GadgetGuy is one of, if not the last, Australian-owned, publically accessible, lifestyle/tech ‘deep-dive’ review websites. To maintain our amazing credibility ratings we first develop a testing methodology for every product we review.
We wanted to explain what ‘deep-dive’ means and how we arrive at the testing methodology for a diverse range of products from hair stylers to complex IT equipment.
Do you charge for reviews?
Absolutely not, no, nada, nyet! Can we be any clearer? Reviews are 100% free of charge and we refuse to review any product where the vendor/PR insists on final review approval. You cannot buy our support – it goes against the journalist code of ethics.
We do not sell any products either. We also refuse to enter into affiliate marketing or click through schemes. All review URLs are tracker free and we do not receive income from them.
We will help a vendor to amplify the free review via a paid competition, special EDM or advertising on the site but these are not mandatory at all.
Where do the review products come from?
Manufacturers or their PR agencies provide these at launch. After two decades of reviews, we are well known and well respected by them. It is to their advantage to have a known independent review!
Our review eligibility criteria include
If it plugs in and/or there is some tech behind it we will review it
All items must be available locally for at least 90-days from launch
Ideally have an Australian vendors/distributors website and local pricing, distribution, brick and mortar retailers and support.
We will not support grey marketing or parallel import products
We no longer review products that are in the crowd-sourcing stage as the items may never be produced
Reviews are current until the next version is available.
Do we keep products?
As enticing as it sounds there is a limit to what our testers can use. Our review policy is that we must know up-front if the product is to be returned. It makes no difference to the review either way and most products are returned.
If we keep the product we will try to use it at GadgetGuy. We also try to obtain the best ‘tech’ to use as ‘reference’ tools. For example, we need to both subjectively and objectively compare headphones, speakers, phones, monitors, computers etc with the current best technology. So we have a few nice toys!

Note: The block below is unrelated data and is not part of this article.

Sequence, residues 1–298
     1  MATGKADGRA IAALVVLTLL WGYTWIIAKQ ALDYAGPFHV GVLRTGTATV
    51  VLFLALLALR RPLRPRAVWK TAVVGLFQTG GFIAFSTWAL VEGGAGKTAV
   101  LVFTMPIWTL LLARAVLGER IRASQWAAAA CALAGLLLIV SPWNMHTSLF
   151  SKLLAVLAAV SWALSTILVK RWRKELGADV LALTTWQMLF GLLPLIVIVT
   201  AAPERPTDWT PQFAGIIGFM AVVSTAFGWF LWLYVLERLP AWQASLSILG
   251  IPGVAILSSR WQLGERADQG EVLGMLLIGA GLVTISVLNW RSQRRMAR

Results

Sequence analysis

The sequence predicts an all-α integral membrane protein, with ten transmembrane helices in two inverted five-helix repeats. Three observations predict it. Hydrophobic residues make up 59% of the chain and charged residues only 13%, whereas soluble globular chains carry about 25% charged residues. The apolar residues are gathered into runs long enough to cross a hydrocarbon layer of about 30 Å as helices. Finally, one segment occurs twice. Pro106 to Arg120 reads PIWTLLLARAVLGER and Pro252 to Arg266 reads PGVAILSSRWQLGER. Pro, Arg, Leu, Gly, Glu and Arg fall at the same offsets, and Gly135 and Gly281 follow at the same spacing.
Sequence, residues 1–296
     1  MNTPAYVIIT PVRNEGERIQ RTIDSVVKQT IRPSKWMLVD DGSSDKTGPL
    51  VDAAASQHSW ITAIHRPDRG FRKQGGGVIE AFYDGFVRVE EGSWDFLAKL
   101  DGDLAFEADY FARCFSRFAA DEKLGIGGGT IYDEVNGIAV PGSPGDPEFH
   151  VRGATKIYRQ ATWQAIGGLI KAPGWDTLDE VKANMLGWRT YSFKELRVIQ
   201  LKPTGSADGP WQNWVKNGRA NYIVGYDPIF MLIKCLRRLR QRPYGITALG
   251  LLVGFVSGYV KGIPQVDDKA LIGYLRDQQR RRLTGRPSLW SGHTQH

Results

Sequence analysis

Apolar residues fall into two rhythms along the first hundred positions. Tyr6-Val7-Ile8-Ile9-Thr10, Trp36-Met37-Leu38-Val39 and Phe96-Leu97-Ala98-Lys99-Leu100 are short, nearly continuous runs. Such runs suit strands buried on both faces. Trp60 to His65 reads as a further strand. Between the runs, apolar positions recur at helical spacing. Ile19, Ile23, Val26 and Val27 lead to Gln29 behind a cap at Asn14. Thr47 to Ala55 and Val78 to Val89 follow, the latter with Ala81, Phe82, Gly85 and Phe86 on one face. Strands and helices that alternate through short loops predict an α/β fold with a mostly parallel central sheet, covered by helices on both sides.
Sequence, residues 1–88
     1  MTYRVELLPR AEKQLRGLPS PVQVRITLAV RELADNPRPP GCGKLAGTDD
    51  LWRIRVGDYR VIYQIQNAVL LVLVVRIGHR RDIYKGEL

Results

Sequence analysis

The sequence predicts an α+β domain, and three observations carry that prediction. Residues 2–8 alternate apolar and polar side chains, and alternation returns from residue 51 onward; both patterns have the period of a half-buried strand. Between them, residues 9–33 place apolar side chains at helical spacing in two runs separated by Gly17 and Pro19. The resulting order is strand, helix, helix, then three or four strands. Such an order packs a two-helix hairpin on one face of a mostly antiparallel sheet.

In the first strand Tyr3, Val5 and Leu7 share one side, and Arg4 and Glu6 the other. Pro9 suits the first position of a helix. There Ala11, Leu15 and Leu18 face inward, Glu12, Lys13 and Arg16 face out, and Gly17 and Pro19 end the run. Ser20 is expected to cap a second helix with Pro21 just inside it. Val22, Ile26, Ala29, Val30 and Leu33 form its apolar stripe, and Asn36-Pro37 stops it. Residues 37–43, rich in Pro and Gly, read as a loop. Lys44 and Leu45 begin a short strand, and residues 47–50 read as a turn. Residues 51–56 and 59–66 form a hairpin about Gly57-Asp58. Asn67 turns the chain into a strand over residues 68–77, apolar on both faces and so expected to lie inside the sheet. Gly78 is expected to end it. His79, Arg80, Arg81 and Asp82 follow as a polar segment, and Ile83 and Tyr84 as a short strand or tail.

Where we cannot use the product we look for worthy charitable causes. We never sell them!
What are the manufacturers claims?
We analyse the product website and specifications to see what marketing and product claims are made. ‘Deep-dive’ means that we develop tests to verify those claims.
We call out any unsubstantiated claims such as the ‘world’s best’ or just cut through the market ‘BS’. You will notice an absense of hyperbole in our reviews – unless we get extcited!
In a lot of cases, there is insufficient information available so we ask for it, search for the FCC ID or other regulatory filings to get ‘inside’ the product.
What should it do?
We have a broad consumer group that we ask “What are the ‘top-ten’ things this product must do and to what level to meet your expectations? We have long-term experts on Apple, Microsoft, Audio-visual, Home Automation (we have both a Google and Alexa testbed), cameras and so many more things. There is not much we don’t know about testing now.
Then we use appropriate replicable testing tools and regimens applicable to real-world use. We have temperature probes, sound meters, voltage measurement, light meters and a suite of software that expose a lot of the inner secrets. Deep Dive means we test – not just regurgitate a press release!
And sometimes we have to invent tests and equipment like environmental humidity or temperature, actuation force, weight and wear and tear.
Our testing methodology uses FAIL, PASS and EXCEED against the testing paradigms.
Ratings are out of five
Each device is rated out-of-five points for: Features; Value for money; Performance; Easy of Use; and Design. To a degree, these are subjective but generally reflect real-world use. If in doubt we ask other reviewers for their opinion.
Our ratings reflect the performance within a class. For example, a mass-market smartphone under $200 should never be compared to a flagship phone over $1,000. That is why a low-cost phone may score 5 out-of-5 where it may score 1-out-of-5 against a more expensive one. We call it the fit-for-purpose test.
The value test
This is the hardest test of all. Something is worth what people will pay for it so we avoid value judgements. After all, Apple has been extracting the maximum ‘ARPU’ from its sheep users forever. Then, to be fair Apple products have no comparison.
So if we have reviewed another product that offers similar or better value we will mention this and any mitigating reasons you may want to pay more. After all we don’t all drive Hyundai.
And if it fails?
If a product fails to meet reasonable standards (above three-out-of-five) we generally don’t publish the review. Instead, we ask the manufacturer to address issues we have found.
The web is littered with fake reviews. There are tens of thousands of fake review factories employing hundreds of thousands of fake reviewers to push out reviews to any site that will accept them. You can read more here
Our best advice is to be very skeptical of review sites that sell the product.
Can you write for us?
Sorry no. Our testers have over one hundred years of cumulative experience and know what to look for. But we encourage you to use Disqus comment on reviews if we have missed anything you are interested in. And you are welcome to email us at email@example.com with any suggestions. Occasionally we may accept a guest review as long as its 100% orioginal content.